When i learned to do proofs in symbolic logic we'd number the lines and list the operation or rule applied, one per line. So:
1.p v q
2. ~p
3. q 1,2, DS

Wtf am i missing with math?
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>>7568692

Anyone use a science dictionary plugin for spellcheck?
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>>7568692
Can someone tell how to simplify this integrand?
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>>7568980
Sorry. I'm tired, this is easy as fuck. Just separate the shit into two integrals and then do substitution.
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My professor told me that my proof is wrong but did not tell me why, here it is:

Theory: If A1 and A2 are two sets of real numbers that Sam likes, then Sam also likes A1 or A2.

Proof: Since Sam likes A1 we know that for all x in A1, "a" is less than or equal to x.(*)

Since Sam likes A2 we know that for all x in A2, "a" is less than or equal to x.(**)

I need to prove that for all x in A1 or A2, "a" is less than or equal to x.

Let x be in A1 or A2. Either x is in A1 which in this case "a" is less than or equal to x by (*).

Or x is in A2 so "a" is less than or equal to x by (**). In both situations "a" is less than x so I am done.

How is this wrong?
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On the off chance there are any NLP people here, what are some simple projects to help me learn and start actually doing NLP?Thanks.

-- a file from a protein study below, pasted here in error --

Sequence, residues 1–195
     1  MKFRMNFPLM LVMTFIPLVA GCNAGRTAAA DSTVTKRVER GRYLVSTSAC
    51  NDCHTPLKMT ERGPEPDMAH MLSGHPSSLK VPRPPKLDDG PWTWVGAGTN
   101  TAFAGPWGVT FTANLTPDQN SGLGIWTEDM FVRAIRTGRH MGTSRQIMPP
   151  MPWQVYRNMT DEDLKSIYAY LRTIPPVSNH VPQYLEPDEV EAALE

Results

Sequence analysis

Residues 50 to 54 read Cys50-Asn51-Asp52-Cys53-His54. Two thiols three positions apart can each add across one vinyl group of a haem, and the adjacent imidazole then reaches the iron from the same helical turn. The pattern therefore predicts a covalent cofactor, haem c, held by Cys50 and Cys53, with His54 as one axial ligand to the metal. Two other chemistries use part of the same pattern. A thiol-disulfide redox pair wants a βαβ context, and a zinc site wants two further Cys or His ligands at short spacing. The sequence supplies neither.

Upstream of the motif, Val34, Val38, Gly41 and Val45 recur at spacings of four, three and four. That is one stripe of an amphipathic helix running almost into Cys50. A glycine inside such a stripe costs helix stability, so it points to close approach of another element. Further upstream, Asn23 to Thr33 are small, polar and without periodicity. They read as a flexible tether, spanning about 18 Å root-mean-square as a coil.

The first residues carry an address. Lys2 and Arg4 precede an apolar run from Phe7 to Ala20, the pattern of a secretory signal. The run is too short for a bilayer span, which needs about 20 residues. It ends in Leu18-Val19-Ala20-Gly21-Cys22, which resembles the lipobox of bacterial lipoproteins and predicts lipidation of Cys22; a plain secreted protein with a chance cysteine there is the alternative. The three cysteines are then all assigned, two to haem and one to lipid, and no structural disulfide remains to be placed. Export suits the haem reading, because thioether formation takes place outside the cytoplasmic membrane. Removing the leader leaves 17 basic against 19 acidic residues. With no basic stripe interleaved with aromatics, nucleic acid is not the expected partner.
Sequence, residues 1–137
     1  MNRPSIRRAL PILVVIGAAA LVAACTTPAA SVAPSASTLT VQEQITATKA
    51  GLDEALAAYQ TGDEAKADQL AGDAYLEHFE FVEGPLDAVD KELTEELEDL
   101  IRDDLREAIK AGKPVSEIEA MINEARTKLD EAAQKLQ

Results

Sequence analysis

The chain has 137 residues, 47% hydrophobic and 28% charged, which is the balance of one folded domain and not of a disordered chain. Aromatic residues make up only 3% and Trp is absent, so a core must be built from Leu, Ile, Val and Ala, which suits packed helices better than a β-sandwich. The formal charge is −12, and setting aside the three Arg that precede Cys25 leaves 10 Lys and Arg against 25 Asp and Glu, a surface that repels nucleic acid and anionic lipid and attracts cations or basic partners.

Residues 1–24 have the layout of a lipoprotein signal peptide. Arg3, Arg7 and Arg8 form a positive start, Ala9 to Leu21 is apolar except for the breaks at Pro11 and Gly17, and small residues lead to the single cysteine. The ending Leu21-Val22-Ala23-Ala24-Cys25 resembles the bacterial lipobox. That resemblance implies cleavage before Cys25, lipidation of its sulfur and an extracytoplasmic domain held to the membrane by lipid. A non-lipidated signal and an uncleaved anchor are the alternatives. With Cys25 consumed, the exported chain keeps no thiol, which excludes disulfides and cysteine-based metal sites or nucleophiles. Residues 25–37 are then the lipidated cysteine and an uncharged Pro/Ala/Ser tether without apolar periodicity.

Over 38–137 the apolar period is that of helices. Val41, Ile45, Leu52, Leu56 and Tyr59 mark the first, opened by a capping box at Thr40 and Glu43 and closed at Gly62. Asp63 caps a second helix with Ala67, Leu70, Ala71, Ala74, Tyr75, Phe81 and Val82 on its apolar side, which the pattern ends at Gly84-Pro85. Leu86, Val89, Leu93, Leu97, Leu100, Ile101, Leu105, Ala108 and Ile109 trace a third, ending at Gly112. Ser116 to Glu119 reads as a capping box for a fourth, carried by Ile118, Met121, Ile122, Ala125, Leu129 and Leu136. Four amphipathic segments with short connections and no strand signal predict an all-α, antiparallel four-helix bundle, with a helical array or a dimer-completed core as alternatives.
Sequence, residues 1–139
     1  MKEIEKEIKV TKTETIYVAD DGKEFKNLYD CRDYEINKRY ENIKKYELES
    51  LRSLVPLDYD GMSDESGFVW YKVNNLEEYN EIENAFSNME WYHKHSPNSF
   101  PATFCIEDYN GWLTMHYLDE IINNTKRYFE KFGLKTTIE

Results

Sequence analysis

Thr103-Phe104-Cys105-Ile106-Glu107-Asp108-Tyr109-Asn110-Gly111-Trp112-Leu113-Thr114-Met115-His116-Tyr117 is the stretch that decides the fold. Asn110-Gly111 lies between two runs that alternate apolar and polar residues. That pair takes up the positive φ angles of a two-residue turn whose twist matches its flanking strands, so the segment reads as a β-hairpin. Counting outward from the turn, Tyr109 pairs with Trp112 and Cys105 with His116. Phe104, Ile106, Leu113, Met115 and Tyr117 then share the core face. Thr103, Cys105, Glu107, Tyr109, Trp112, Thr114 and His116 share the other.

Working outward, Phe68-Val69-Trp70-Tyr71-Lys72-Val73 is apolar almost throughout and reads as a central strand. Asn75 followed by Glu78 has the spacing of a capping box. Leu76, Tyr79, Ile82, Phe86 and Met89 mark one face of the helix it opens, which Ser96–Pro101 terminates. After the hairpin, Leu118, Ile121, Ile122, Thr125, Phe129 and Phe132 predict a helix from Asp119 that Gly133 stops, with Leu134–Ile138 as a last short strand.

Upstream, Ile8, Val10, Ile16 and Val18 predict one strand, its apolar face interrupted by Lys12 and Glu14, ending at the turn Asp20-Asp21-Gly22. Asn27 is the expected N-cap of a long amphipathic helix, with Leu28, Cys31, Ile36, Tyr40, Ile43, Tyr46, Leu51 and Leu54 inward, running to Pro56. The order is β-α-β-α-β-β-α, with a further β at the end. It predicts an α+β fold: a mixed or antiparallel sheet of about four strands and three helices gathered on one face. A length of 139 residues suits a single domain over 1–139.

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>>7569046
Literally what the fuck? Are you mentally retarded? This is like an incoherent mix of middle-school grade logic questions and Dr. Seuss' Cat in the Hat
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>>7569057
>not realizing that its a discrete math question
>too new
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>>7569046
Ok, I'll try to help Anon.

First of all, you forgot the "Assume" portion. You need to declare that you're assuming the hypothesis is true to begin with. Let me see if I can figure the rest out.
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>>7569046
I'll try to help, right after I'm done with this question.
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>>7569064
>>7569067
Thanks anons, I just started learning proofs so this is all new to me.
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>>7568980